"There was a lot of experimenting that I allowed myself to do, both in the studio and prior to beginning the recording session. I was often writing as the tape was rolling. I came to realize, as a lot of folks do, that there's some magic when you allow yourself to move quickly, when you disable that 'edit' button that too frequently enters into your writing.
"That's probably one of the benefits -- at least when you're on a roll -- of working entirely on your own: You get that flash of lightning for a moment, and hopefully you catch it. Every time you try to reinterpret or articulate that impulse, you tend to alter it. It's a case of trying to capture lightning in a bottle."
Phillips has always been something of a mystic, and as such, he has been alternately lauded and ignored, depending on what he was saying at the time and who was listening. He's like a mad, hurdy-gurdy gothic storyteller outside an 1880s saloon -- one that happens to be located in an alternate universe. Phillips is like a dusty Robert Heinlein, a stranger in a strange, sunset land, one fashioned from the past but not beholden to it.
The album's title captures something of that spirit, the idea of moving forward, but perhaps not in the sense one might initially think. In this era of protests against corporate globalization, listeners might take Mobilize as a directive.
"I find some delight in that," Phillips says. "The word has military connotations, global connotations, and all at a good time -- when we're wearing camouflage. But, in fact, it's a very personal kind of sentiment. It's basically a sort of call to arms to find it in yourself, that inner strength to move forward, to learn from your mistakes."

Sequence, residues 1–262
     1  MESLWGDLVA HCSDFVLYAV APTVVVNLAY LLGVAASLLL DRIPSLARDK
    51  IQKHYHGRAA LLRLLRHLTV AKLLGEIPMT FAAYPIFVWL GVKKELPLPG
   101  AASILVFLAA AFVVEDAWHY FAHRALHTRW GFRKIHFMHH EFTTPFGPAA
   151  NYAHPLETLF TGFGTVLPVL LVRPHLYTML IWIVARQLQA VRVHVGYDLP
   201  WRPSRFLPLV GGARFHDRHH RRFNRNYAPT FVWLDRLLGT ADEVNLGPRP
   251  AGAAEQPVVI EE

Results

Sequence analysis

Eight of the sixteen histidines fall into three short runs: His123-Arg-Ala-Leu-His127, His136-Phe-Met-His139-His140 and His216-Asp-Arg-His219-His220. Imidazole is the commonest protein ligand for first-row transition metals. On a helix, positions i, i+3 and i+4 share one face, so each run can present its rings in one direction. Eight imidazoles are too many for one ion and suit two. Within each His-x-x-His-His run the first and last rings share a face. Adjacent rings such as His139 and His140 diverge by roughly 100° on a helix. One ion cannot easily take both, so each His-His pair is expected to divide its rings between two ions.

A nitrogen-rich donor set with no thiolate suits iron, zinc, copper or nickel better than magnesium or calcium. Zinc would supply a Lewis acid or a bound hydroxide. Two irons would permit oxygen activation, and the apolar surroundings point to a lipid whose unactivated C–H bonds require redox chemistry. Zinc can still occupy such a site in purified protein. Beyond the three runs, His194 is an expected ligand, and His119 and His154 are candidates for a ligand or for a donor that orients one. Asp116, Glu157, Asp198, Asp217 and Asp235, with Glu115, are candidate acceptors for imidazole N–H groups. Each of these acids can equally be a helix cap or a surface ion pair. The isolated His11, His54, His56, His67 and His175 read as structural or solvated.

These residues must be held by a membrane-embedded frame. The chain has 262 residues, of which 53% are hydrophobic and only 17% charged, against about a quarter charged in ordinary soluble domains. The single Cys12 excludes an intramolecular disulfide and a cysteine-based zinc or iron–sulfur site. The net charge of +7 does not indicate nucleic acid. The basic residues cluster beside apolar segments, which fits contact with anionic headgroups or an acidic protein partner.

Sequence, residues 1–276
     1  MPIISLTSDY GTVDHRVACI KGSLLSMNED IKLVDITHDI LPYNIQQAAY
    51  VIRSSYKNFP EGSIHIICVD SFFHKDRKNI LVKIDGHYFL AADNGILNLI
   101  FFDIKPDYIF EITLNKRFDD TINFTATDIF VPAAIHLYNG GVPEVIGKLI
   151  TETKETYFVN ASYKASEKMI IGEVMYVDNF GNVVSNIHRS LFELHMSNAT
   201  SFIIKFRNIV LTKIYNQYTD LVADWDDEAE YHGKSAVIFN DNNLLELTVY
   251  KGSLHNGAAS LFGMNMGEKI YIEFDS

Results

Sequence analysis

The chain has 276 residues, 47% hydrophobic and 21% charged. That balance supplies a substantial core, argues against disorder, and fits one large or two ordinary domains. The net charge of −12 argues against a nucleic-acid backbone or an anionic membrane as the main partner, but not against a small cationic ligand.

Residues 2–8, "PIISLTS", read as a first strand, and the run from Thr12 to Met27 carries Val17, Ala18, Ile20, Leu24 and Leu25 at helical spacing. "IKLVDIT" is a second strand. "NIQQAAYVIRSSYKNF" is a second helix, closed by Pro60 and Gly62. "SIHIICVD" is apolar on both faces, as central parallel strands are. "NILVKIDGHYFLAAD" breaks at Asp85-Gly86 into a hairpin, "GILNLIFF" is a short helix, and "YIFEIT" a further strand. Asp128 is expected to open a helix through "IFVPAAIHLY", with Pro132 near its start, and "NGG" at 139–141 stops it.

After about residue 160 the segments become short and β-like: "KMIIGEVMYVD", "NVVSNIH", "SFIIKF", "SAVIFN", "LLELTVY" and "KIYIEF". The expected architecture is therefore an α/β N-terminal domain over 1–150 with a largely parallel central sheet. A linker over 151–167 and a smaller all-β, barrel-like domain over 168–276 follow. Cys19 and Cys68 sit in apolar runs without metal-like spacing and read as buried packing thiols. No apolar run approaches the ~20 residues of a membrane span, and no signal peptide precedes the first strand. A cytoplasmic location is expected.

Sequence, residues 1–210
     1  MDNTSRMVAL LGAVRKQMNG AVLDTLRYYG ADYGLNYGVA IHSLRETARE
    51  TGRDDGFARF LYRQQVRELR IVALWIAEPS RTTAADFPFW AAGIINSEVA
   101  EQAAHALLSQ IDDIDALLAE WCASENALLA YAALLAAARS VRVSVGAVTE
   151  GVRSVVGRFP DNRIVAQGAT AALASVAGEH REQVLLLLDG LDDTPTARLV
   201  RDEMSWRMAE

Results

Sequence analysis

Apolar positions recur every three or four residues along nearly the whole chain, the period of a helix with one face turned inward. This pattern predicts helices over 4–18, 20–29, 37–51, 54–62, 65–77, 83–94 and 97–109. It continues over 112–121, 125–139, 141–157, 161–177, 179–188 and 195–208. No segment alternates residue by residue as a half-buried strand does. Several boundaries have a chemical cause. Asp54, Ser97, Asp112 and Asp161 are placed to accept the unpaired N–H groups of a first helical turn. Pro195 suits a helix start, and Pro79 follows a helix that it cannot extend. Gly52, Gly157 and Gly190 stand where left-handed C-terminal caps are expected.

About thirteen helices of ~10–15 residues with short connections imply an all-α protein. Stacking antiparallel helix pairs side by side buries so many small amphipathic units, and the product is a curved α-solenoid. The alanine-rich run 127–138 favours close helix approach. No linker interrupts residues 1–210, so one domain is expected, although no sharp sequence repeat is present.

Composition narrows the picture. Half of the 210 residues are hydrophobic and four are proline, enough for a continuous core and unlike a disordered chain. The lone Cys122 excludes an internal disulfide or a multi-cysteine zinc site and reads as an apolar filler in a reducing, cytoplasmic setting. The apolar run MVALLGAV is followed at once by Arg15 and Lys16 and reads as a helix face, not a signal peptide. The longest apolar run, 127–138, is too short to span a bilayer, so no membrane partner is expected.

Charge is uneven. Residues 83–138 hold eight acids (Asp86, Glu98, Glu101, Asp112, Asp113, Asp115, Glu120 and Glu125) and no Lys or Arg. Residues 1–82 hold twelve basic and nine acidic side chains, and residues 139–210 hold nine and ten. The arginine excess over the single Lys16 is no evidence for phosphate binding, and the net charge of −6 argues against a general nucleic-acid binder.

And did he ever feel that Mobilize might be one of those mistakes?
"I have to admit there were times when I asked myself, 'Oh, my goodness, what have I done?' It didn't necessarily taste or feel like one of the Grant Lee Buffalo albums, which was a goal of mine. But when I actually found that I had stepped out on that limb, it was little scary. I held my breath. But I continued to walk out on the limb. I've finally come to that place where I can entirely embrace what it means to work as a solo artist. It's more personal. There is both a sense of liberation and accountability when you decide to go it alone.
"I'm thrilled to see this disc finally come out, myself," he adds. "Sort of a long time coming, really. I managed to put some music out there on the public airwaves with Ladies' Love Oracle, but it was in a much more covert way."
Covertly might be the only way for an artist like Phillips to get his message across. The artist who forges a trail outside the parameters laid down by those who came before will always be outshouted by dumb flash and the dim, shiny temptation of the mainstream.
"I've always turned to folks like Tom Waits and Robyn Hitchcock and a handful of others as being an example of what it means to follow your own path and to survive and to remain productive, in spite of however you might be going against the grain," he says. "I like to believe there is enough fringe for a person like me to find some elbow room. And from time to time, your genuinely creative artists do rise to the top, you know? That's why there's REM. Every once in a while, the best really does rise to the top."
And when that happens, Phillips believes, the world itself can be changed.
"I'm a firm believer in the power of music to transform at least our interior lives," he says. "At times it can knock down real walls as well."